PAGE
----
Shelters are primarily conceived for the case of an armed conflict. They can also be used, however, as emergency accommodation in other scenarios (e.g., during an accident in a nuclear power plant or after an earthquake). Shelters must be able to withstand the effects of modern weapons, i.e., they must primarily offer protection against NBC weapons and nearby impacts of conventional weapons.

In everyday life, shelters are mainly used for other purposes, for instance as basement rooms, as hobby rooms or as clubhouses. If necessary, they must quickly be prepared to serve as shelters for the population. However, preparing the shelters, i.e., clearing them out and furnishing them, is only to be done by order of the authorities.

In case of acute danger, the authorities will alert the population using sirens and issue instructions via radio and Alertswiss

Shelters are designed to enable shorter or longer stays (lasting from a few hours to several days). The general public should be prepared to feed itself for a period of several days without outside assistance. Therefore, the National Economic Supply (NES) organization recommends storing sufficient emergency provisions for about one week. Emergency provisions should include mainly storable foodstuffs and nine liters of water per person as well as the most important medicines. Beyond this period and in special cases, the authorities may distribute foodstuffs, water and other important goods, for instance in collaboration with the civil defense authorities.

Please click here to find out how you can receive radio broadcasts in a shelter.

As a matter of principle, shelters are not designed to accommodate animals in addition to humans. In individual cases, for example depending on the size and occupancy of the shelter in question, as well as the type of animal, it may be possible to bring an animal to the shelter.

Yes. In principle, people should be able to feed themselves for several days without outside help, even if they are in a shelter. The Federal Office for National Economic Supply (FONES) advises to build up emergency supplies, primarily consisting of a one week supply of non-perishable food and 9 litres of water per person. Important drugs should also be stocked up. Beyond this period and in special cases, the authorities can distribute food, water and other essential goods, for example with the support of civil protection.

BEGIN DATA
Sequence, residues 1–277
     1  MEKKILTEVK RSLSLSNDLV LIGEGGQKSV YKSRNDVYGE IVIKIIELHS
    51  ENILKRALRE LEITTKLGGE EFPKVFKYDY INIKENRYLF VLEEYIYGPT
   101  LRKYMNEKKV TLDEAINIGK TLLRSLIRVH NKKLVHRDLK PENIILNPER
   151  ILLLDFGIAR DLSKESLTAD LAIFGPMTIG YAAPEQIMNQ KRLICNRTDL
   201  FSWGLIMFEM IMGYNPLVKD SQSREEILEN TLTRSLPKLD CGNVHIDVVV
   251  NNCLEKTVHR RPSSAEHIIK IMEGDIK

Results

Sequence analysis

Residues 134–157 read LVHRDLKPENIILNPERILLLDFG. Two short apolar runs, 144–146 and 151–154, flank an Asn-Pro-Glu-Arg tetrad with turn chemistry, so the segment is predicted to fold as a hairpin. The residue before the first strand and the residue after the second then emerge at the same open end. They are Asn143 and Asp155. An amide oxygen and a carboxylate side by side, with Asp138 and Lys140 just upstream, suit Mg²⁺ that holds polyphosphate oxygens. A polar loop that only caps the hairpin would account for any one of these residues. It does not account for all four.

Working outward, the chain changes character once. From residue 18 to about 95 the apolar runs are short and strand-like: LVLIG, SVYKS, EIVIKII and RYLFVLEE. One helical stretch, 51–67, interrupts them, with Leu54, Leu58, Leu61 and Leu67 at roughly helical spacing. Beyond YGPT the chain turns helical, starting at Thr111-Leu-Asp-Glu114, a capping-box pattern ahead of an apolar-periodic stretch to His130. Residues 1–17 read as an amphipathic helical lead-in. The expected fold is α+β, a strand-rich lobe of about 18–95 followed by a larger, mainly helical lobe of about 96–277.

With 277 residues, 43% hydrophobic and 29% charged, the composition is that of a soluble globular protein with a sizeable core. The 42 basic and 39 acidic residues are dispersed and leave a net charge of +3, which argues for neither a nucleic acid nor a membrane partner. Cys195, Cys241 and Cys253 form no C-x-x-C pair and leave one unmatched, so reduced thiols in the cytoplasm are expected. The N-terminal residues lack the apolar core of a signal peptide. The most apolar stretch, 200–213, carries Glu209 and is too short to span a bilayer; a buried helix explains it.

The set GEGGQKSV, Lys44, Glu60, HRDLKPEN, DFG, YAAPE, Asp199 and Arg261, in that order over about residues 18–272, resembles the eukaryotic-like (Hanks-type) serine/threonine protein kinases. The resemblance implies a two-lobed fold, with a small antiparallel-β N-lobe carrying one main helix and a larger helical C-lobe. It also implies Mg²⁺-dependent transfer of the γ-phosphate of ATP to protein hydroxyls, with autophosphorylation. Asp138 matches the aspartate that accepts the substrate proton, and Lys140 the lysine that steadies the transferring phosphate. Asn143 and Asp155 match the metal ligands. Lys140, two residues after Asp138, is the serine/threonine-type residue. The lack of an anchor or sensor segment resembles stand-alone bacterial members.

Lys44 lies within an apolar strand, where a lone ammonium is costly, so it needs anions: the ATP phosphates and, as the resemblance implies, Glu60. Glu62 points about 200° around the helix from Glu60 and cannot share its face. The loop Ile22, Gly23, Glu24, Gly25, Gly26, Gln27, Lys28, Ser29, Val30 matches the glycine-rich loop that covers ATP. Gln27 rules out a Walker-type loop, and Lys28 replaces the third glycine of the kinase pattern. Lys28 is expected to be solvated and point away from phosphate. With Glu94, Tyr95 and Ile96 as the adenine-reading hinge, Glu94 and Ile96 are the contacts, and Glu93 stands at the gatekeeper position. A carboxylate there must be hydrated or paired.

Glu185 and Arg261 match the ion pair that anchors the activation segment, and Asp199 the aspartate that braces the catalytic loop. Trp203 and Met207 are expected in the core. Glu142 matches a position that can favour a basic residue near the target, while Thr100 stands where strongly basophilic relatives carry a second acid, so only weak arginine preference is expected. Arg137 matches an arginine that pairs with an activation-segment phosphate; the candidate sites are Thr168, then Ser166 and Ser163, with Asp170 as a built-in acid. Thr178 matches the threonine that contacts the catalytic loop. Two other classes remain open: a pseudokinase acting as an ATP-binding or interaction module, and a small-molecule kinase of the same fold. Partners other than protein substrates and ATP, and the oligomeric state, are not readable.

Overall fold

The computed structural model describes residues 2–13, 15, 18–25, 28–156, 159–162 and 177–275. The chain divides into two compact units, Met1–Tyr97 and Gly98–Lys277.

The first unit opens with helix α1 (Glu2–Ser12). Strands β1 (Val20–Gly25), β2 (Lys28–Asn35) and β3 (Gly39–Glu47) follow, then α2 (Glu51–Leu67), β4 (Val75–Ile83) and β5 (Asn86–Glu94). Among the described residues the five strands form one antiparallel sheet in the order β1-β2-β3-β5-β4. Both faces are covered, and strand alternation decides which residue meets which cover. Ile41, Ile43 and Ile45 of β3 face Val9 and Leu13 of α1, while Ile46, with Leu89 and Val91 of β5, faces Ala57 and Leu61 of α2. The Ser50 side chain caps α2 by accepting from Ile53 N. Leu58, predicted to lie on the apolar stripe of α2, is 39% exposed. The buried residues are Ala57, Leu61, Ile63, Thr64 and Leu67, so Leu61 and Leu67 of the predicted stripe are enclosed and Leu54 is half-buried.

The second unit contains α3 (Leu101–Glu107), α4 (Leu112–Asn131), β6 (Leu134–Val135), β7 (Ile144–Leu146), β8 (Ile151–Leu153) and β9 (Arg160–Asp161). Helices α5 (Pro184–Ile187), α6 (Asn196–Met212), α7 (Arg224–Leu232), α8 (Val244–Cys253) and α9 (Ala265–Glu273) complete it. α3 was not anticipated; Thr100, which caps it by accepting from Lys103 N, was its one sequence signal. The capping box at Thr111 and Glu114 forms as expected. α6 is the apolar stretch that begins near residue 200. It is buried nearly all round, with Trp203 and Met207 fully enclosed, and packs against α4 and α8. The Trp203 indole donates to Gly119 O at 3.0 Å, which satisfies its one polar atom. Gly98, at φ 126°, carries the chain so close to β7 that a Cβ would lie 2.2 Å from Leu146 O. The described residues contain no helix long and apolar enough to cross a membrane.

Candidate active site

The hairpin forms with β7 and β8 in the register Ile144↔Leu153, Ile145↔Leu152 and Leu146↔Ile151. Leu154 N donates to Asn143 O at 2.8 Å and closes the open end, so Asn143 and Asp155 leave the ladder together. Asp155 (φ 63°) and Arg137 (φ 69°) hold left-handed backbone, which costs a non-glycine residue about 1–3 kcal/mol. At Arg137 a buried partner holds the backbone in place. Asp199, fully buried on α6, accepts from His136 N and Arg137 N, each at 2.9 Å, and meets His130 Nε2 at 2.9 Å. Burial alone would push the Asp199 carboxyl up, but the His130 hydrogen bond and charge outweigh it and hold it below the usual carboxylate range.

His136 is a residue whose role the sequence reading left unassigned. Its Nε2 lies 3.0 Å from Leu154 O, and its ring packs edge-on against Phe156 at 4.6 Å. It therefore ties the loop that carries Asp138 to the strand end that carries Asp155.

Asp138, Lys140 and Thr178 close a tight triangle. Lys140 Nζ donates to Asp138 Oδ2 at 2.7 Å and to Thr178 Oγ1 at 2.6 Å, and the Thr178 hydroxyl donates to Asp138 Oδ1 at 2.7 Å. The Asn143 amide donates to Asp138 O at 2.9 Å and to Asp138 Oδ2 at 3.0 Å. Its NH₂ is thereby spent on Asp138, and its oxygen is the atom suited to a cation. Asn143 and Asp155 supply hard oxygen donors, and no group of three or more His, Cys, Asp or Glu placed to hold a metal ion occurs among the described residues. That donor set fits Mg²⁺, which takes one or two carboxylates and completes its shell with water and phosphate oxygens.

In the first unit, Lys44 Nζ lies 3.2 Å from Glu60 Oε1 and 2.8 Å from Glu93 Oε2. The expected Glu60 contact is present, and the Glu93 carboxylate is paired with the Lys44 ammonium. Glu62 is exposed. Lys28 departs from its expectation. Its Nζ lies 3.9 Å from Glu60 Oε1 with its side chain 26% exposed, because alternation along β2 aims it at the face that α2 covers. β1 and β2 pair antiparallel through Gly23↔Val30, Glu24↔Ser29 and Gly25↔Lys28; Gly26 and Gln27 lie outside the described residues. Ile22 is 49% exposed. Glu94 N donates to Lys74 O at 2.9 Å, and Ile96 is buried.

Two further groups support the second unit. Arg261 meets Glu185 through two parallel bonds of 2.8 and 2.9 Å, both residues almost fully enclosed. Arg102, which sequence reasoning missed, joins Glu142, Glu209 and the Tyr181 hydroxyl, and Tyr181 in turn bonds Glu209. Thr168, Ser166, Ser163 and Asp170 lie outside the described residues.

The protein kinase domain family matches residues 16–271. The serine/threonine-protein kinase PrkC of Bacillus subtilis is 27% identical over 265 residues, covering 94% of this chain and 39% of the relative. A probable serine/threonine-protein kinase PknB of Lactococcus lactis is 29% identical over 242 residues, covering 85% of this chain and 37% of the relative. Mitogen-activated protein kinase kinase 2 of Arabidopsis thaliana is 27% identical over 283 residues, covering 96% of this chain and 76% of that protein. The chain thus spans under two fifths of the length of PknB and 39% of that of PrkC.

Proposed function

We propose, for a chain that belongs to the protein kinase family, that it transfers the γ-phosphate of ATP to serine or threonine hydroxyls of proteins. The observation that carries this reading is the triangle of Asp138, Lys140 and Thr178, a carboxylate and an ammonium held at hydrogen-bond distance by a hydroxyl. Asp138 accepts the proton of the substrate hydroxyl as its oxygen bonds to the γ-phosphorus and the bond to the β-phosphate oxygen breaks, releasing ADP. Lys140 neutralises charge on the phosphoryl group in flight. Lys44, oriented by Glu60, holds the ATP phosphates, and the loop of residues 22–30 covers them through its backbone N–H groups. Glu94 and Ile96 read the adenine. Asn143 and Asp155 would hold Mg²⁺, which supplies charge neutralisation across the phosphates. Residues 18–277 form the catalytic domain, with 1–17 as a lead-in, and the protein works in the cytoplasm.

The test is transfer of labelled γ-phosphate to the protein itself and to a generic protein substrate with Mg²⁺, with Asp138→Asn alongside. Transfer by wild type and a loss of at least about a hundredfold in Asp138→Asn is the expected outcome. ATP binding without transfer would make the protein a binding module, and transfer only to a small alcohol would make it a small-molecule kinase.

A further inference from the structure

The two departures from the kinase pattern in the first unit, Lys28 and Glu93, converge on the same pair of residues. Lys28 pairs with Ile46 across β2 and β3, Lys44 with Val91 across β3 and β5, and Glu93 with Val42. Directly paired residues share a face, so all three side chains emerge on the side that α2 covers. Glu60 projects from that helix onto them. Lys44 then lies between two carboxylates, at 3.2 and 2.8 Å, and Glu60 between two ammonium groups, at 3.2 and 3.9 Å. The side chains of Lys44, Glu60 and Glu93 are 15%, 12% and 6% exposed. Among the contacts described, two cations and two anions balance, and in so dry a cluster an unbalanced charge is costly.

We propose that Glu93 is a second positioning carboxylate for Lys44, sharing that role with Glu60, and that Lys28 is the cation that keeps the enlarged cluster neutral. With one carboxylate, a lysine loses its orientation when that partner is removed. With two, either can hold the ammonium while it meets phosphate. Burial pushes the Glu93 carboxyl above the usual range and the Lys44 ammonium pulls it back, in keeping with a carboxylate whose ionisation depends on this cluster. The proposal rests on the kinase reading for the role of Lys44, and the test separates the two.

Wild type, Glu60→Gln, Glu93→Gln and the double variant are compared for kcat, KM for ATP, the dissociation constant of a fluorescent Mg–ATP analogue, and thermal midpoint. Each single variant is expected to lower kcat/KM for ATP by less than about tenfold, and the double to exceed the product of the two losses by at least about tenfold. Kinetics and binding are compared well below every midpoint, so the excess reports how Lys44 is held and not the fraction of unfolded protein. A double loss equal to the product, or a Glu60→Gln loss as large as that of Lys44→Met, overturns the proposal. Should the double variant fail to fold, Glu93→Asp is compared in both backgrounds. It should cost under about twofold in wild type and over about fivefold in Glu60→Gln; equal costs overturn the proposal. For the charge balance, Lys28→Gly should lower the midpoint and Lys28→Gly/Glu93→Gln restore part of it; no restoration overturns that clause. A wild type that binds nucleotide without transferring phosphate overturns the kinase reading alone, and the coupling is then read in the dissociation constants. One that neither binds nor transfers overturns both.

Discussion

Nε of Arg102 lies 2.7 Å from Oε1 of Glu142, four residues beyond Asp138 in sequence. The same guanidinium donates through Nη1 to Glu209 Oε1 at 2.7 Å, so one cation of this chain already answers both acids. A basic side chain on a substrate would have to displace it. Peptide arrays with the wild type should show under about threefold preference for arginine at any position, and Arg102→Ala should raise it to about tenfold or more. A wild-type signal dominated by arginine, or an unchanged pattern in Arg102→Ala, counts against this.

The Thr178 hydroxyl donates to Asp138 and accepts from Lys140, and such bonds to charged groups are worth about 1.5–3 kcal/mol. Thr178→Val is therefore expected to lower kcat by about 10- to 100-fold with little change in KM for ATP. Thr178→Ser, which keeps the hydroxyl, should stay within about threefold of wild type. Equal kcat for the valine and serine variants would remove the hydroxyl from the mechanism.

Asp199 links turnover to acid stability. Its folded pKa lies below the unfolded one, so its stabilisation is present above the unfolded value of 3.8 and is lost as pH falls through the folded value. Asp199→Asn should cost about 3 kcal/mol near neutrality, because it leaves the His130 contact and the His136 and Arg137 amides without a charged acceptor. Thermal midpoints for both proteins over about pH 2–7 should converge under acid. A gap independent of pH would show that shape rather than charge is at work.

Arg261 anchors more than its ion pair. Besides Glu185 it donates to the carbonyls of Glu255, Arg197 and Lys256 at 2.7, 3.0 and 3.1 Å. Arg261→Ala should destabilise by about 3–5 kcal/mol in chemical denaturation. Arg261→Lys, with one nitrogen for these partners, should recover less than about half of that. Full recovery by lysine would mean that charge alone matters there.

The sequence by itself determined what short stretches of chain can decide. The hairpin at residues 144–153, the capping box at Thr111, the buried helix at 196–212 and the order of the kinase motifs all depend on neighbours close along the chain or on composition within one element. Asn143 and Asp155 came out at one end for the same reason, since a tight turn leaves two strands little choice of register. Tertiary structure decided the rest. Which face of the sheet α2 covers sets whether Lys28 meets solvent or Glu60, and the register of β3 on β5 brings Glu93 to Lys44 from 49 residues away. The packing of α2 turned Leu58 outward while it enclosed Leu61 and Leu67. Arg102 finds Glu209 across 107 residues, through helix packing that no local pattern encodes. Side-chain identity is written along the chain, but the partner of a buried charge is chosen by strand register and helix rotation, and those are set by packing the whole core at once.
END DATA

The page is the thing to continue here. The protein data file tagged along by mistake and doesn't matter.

No, cooking with alcohol or gas stoves is not allowed in public shelters because of the risk of fire, the additional consumption of oxygen, the strong odours and the steam that is released during cooking and cannot be evacuated.

About 9 million shelter places are available in approximately 370,000 private and public shelters.

As the owner, you may maintain your shelter even if it is no longer an official one, i.e. it is no longer included in allocation planning. In the event of an armed conflict, you are free to choose whether to move into the shelter provided to you or to use your own shelter.

There are no plans to abolish small shelters altogether. If over 40 years old, their ventilation and filter systems must be replaced, as their efficiency declines after this time. It makes neither economic nor organisational sense to operate small shelters throughout Switzerland. For this reason, no new small shelters have been built for years. It should be considered on an individual basis whether it is worth maintaining a small shelter or whether places should be allocated in a public shelter. In some cases, protected premises that are no longer needed by management bodies and civil defence can be converted for the public.


Federal Office for Civil Protection FOCP Guisanplatz 1B
CH-3003 Bern


Federal Office for Civil Protection FOCP

Guisanplatz 1B
CH-3003 Bern